Material preparation and characterization

Aqueous GO solution was diluted in deionized water to obtain a 0.15 mg ml−1 solution and vacuum filtered through a nitrocellulose membrane with pores of 0.025 µm, forming a thin film of GO. The thin film was then transferred to the target substrate using wet transfer in deionized water and further thermal annealing at 100 °C for 2 min. The GO film–substrate stack was hydrothermally reduced at 134 °C in a standard autoclave for 3 h to form EGNITE. The base substrate for all characterization studies of EGNITE was a square (1 × 1 cm2) of Si/SiO2 (400 μm/1 μm).


XPS measurements were performed with a Phoibos 150 analyser (SPECS) in ultra-high-vacuum conditions (base pressure, 5 × 1010 mbar) with a monochromatic Al Kα X-ray source (1,486.74 eV). Overview spectra were acquired with a pass energy of 50 eV and step size of 1 eV and high-resolution spectra were acquired with pass energy of 20 eV and step size of 0.05 eV. The overall resolution in those last conditions is 0.58 eV, as determined by measuring the full width at half maximum of the Ag 3d5/2 peak of sputtered silver. The XPS analysis shows a strong decrease after the hydrothermal treatment of the C–O peak (associated with epoxide groups), but a small contribution of C–OH, C=O and C(O)OH due to hydroxyls, carbonyls and carboxyls that remain after reduction. The deconvolution of the O1s peak confirms such behaviour. The main contribution to the C1s signal after the hydrothermal reduction, however, comes from sp2 hybridized C–C orbitals34,57.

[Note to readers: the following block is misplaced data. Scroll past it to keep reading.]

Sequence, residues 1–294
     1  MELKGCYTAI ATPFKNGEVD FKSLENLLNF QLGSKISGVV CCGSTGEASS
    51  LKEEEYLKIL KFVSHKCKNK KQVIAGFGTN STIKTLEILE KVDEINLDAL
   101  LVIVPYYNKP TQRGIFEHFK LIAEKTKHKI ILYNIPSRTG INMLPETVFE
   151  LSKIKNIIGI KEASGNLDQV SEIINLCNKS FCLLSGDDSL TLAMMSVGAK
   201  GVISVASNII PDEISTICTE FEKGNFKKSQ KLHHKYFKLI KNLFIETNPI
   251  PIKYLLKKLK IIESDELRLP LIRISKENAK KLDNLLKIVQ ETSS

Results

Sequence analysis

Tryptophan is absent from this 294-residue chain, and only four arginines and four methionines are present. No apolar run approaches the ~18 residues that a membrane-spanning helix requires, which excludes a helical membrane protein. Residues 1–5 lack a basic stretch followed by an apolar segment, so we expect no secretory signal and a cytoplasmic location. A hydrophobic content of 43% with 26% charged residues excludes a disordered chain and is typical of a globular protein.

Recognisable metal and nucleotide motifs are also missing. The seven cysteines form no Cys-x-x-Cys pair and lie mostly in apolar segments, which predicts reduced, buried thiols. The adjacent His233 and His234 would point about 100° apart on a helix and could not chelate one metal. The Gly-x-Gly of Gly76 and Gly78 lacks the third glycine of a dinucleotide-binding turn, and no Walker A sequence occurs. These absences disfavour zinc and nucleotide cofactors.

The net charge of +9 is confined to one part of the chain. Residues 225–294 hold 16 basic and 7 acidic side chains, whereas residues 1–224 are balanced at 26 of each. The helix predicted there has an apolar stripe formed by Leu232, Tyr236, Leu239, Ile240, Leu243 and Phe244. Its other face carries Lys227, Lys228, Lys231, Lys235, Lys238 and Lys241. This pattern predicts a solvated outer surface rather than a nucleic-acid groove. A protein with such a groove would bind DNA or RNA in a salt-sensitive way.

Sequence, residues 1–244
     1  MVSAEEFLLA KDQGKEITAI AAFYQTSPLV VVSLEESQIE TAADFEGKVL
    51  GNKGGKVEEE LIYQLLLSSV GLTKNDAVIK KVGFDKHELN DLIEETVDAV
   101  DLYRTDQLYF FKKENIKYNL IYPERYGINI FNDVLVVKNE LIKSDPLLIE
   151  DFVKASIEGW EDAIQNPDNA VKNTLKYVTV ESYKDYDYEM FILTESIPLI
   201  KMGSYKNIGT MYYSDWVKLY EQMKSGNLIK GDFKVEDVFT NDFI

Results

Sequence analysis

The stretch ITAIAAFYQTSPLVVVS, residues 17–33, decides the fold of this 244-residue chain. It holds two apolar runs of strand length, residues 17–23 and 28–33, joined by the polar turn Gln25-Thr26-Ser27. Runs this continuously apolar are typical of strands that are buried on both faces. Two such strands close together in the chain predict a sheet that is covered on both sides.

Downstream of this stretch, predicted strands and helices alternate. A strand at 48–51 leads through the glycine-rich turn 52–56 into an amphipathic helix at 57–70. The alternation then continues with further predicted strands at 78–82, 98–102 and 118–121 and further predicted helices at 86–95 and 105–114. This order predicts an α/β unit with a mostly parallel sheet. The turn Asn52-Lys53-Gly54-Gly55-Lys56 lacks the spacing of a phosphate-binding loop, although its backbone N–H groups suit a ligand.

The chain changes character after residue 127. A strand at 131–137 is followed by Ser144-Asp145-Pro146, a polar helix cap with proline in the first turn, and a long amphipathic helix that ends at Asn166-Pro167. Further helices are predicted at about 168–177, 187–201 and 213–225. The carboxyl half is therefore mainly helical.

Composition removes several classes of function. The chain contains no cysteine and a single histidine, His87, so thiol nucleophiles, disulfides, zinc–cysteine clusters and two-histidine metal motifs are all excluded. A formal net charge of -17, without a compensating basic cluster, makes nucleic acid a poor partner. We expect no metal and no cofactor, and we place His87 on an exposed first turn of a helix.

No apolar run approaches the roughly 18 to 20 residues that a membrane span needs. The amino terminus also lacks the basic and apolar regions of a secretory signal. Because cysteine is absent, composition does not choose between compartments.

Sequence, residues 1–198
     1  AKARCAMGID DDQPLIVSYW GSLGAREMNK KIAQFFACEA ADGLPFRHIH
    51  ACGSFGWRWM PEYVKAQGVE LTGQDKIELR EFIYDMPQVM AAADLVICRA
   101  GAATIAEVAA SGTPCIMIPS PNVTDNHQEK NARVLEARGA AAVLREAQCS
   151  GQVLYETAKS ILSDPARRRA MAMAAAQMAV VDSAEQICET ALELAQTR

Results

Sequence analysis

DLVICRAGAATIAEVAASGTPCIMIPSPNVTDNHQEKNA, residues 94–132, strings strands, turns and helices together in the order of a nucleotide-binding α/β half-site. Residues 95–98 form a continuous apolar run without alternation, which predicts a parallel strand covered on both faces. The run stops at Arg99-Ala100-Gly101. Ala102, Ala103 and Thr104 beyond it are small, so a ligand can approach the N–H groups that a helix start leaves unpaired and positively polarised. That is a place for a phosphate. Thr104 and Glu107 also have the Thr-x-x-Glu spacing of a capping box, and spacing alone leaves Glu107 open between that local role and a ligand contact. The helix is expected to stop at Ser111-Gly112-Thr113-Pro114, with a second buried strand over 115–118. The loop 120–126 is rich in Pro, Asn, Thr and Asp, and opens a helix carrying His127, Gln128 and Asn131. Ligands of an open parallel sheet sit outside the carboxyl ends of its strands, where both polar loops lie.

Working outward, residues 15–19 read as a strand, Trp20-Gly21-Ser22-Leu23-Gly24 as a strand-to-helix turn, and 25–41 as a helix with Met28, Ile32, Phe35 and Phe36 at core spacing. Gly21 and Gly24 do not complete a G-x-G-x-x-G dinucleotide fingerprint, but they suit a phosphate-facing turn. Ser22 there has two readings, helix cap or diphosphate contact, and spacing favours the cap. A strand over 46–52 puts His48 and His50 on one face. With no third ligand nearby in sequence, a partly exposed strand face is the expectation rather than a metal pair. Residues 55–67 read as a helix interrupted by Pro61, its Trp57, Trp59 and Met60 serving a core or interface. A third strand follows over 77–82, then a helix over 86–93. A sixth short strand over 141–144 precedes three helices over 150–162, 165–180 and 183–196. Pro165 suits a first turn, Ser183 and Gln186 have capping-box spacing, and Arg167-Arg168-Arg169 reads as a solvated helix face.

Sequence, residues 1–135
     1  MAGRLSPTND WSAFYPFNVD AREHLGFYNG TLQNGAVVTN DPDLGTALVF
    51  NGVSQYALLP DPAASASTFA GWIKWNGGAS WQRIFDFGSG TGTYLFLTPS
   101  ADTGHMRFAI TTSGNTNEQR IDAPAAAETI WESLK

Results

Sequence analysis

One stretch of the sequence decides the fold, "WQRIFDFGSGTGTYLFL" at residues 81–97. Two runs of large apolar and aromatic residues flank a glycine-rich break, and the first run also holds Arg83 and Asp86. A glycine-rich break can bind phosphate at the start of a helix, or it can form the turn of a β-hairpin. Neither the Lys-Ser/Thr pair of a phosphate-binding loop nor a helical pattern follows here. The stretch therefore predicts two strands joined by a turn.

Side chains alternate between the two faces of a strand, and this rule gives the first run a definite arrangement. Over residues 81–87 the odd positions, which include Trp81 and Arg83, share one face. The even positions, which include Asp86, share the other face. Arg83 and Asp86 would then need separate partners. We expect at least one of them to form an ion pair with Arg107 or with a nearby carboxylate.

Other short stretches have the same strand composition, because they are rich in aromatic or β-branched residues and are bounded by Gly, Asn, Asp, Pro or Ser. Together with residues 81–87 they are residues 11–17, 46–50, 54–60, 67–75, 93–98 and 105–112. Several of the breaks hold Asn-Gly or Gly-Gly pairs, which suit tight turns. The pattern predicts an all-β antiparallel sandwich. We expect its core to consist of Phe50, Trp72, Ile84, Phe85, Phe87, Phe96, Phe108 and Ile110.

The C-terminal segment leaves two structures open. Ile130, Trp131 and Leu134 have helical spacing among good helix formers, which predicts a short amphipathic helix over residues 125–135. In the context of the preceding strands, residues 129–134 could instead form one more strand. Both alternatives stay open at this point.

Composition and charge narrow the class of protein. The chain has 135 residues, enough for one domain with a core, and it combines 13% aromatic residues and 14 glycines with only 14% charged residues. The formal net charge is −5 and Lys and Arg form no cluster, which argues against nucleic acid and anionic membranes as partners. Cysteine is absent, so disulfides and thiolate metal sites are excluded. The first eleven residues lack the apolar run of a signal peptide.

X-ray diffraction

X-ray diffraction measurements (θ–2θ scan) were performed in a Materials Research Diffractometer (Malvern PANalytical). This diffractometer has a horizontal ω–2θ goniometer (320 mm radius) in a four-circle geometry and worked with a ceramic X-ray tube with Cu Kα anode (λ = 1.540598 Å). The detector used is a Pixcel which is a fast X-ray detector based on Medipix2 technology.

Raman spectroscopy

Raman spectroscopy measurements were performed using a Witec spectrograph equipped with a 488 nm laser excitation line. For the measurements, Raman spectra were acquired using a 50× objective and a 600 grooves per nm grating; laser power was kept below 1.5 mW to avoid sample heating.


A focused ion beam lamella was prepared with a Helios NanoLab DualBeam (LMA-INA) for the cross-section study of the EGNITE sample. Structural analyses were performed by means of TEM using a Tecnai F20 microscope operated at 200 kV, including HRTEM and high-angle annular dark-field STEM techniques. The STEM-EELS experiment was performed in a Tecnai F20 microscope working at 200 KeV, with 5 mm aperture, 30 mm camera length, a convergence angle of 12.7 mrad and a collection angle of 87.6 mrad. As we used 0.5 eV per pixel and 250 eV as the starting energy in the core-loss acquisition, we did not acquire the Si K-edge expected at 1,839 eV, the Pt M-edge at 2,122 eV and the Au M-edge at 2,206 eV. The relative C–O atomic composition has been obtained by focusing our attention in the reduced GO layer and assuming that the edges analysed (C and O in our case) sum to 100%. This assumption is valid in our case as evidenced in the Supplementary Information maps. The energy differential cross section was computed using the Hartree–Slater model and the background using a power-low model.